The 2017 Florida-Florida State game seemed like a forgettable episode of one of the finest rivalries in college football.
There were two botched extra points in a struggle of four-win teams. Two passes that hit receivers in the hands became interceptions. Two different players tripped over teammates and fell in the backfield.
It was comically bad. And it, turns out, enormously significant.
That 38-22 November loss was rock bottom for the Gators' historically inept offense. It was a four-quarter microcosm of the problems that continue to plague the Seminoles. And it was the last moment of garnet and gold glory for Jimbo Fisher.
Three years later, one of the ugliest games in recent history looks like a watershed moment for Florida college football — one worth revisiting this weekend as Fisher’s No. 21 Aggies take on No. 4 UF for the first time since that slop fest at the Swamp.
Rock bottom at UF
The Gators earned their first loss of that Saturday before kickoff: Chip Kelly was taking the UCLA job. Scratch him off the list of possible replacements for Jim McElwain, who awkwardly exited a month earlier.
Things didn’t get much better once the game started. UF had a bad snap, gave up a strip-sack touchdown and threw an interception … and that was just the first quarter.
Quarterback Feleipe Franks threw two other interceptions — one was a pick-six, and the other should have been — during an 18-of-39, 184-yard day. An offense with four future NFL skill players averaged an anemic 3.8 yards per play, and the most accurate kicker in the country had an extra point blocked.
When the game, and season, had mercifully ended, UF had its fewest passing touchdowns (10) in more than a quarter-century and its second-lowest scoring average (22.1) in the past three decades.
But there were flashes of potential, like a first-half tackle for loss by Vosean Joseph (a 2019 fifth-round pick).
“Whoever that new coach maybe is going to step into some very good active players,” ESPN’s Anthony Becht said during the broadcast.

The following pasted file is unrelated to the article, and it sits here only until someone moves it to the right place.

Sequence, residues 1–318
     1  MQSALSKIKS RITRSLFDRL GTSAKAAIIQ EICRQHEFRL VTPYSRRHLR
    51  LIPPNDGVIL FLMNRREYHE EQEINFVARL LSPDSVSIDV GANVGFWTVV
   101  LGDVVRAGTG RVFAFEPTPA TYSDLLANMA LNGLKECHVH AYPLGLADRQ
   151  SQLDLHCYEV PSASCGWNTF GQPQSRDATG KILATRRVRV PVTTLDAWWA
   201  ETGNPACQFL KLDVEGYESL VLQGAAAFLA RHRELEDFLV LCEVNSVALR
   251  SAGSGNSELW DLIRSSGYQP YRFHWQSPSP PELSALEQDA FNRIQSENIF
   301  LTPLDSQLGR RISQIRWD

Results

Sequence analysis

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But who would that new coach be? With Kelly out, Scott Frost seemed like the option. Becht threw out another name: Mike Norvell.
As UF floundered, Dan Mullen had the game on while fielding phone calls from his home in Starkville, Miss.
“I was just watching to see what the team looked like,” Mullen said.
Apparently he liked what he saw. Mullen took the UF job a day later, and the program’s years-long offensive ineptitude disappeared.
Mullen’s Gators have topped that day’s point total (22) in 18 of their past 19 games. Their passing efficiency through this season’s 2-0 start is more than 100 points better than in the 2017 finale, and their 7.8 yards per play rank second nationally.
Less than 35 months after fielding an unwatchable offense, the Gators are one of the most entertaining teams in the nation.
A bad omen for FSU
Even with a double-digit victory, FSU’s on-field product was not worth celebrating. The problems that are still plaguing the 'Noles were everywhere.
A leaky offensive line? FSU allowed 11 tackles for a loss that day, and only two teams this year have lost more yards to negative plays than FSU (126).
Inconsistent quarterbacking? James Blackman was 10-of-21 for 128 yards at UF. Now a redshirt junior, Blackman’s on the bench as FSU prepares to start its third different quarterback (Jordan Travis) in three games.
Wasted talent? Despite boasting a pair of five-star NFL running backs (Cam Akers and Jacques Patrick), FSU averaged only 2.8 yards per rush against the Gators. Top-12 recruiting classes from 2016-18 have resulted in 12 wins since the start of the 2018 season heading into Saturday’s trip to No. 5 Notre Dame.
The most damning part, however, remains the multitude of mind-numbing mistakes.
That day’s lowlight was five-star linebacker Matthew Thomas' interception. With an open path to the end zone, Thomas started showboating 7 yards before the goal line. He stumbled and went down at the 1, then was flagged for excessively celebrating a touchdown he did not score.
You can draw a line from that blunder to the program’s current disarray. FSU led the nation in penalties each of the last two years (9.2 per game) and is somehow averaging even more this year (10.0).
At the time, the struggles looked like an aberration for a powerhouse that would quickly rebound. Three years later, we know that’s not the case.
They were signs of a program starting to rot as its coach headed for the exit.
Jimbo Fisher’s farewell
Rumors about Texas A&M pursuing Fisher had been brewing for weeks. So was this Fisher’s final Florida-Florida State game?
“Don’t start that,” Fisher said afterward. “I love Florida-Florida State. I hope not, that’s for sure.”
Three years later, Fisher insists he didn’t know it would be his final game with the Seminoles until later. But it was. He bolted for Texas A&M, becoming the first coach in 41 years to leave a school where he won a national title to take another college job.
His Aggies have a lot of similarities to his final FSU team. One of the nation’s most talented teams is 18-10 under his watch. The quarterback play has been pedestrian behind a leaky offensive line.
Fisher said this week that his Aggies are making progress. Their young talent has the right intangibles to build his program the right way.
It sounded a lot like what he said after his final Gatorade bath in Gainesville.
“There’s so many young players on this football team,” Fisher told ESPN. "There’s so much effort and ability…
“This team has never quit the whole year.”
Six days later, Fisher quit to take the A&M job.
And Fisher, Florida and Florida State have never been the same.